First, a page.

Neosho County commissioners say, while they’re still gathering information, they hope to make a final decision on a proposed wind farm in the next few weeks.
For several weeks now, Neosho County commissioners have been wrestling with one issue in particular.
“The wind farm proposal is for Apex Clean Energy to install wind turbines in the Galesburg area,” says David Bideau, Neosho County Commission.
If approved, the Neosho Ridge Wind Project would include up to 130 wind turbines, generating enough electricity to power more than 75 thousand homes, according to Apex Clean Energy. Neosho County Commissioner David Bideau says at this point he’s in favor of the project.
“I would not have a problem living within 1,000 feet of a wind turbine, and at this point I’m waiting on additional information from Apex,” says David Bideau.
Meanwhile, Commissioner Paul Westhoff says he’s concerned with the impact the turbines could have on the people living near them.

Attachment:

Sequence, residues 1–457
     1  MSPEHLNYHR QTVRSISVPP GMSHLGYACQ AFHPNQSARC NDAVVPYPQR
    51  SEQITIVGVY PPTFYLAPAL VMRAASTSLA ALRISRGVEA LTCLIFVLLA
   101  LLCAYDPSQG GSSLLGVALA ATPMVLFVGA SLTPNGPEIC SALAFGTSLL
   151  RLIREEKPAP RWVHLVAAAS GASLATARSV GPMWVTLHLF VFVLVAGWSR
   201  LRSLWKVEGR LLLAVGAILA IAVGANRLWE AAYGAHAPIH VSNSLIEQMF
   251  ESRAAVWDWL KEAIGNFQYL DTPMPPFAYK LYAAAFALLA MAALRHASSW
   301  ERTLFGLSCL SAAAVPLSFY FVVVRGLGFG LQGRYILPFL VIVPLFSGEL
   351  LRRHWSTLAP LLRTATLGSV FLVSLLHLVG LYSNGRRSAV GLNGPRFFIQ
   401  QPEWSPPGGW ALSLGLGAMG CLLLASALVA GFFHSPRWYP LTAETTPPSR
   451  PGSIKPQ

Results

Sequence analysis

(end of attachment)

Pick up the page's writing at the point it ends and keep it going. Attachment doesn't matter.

“November 30th we voted on the 1,000 foot setbacks not being sufficient, and Apex said that wasn’t viable, and they haven’t gotten back with us since,” says Paul Westhoff.
Westhoff says another concern is the impact it could have on property values.
“These people that are living down there, it’s a very populated area, more so than any other wind farm I believe in Kansas,” says Westhoff.
Commissioners say one estimate shows potential property value decreases of anywhere from twenty-five to fifty percent if the wind farm is built. But Bideau believes that will be offset by Apex.
“The Kansas legislature has removed wind turbines from the tax rolls for a period of ten years. Apex is proposing to pay Neosho county an annual payment in lieu of what they would otherwise pay,” says David Bideau.
Both Bideau and Westhoff say while they want to see a final decision made in the next few weeks, they also want to hear from everyone involved, including the residents of Neosho County. They say having that information is critical, because whichever choice they make, Neosho County will have to live with for generations to come.
“My point is to make sure that the property owners have the right to determine what happens to their property, not the government,” says Bideau.
“This is a tough decision, and whatever we make, we’re going to be remembered, that’s for sure, you know, either bad or good,” says Paul Westhoff.
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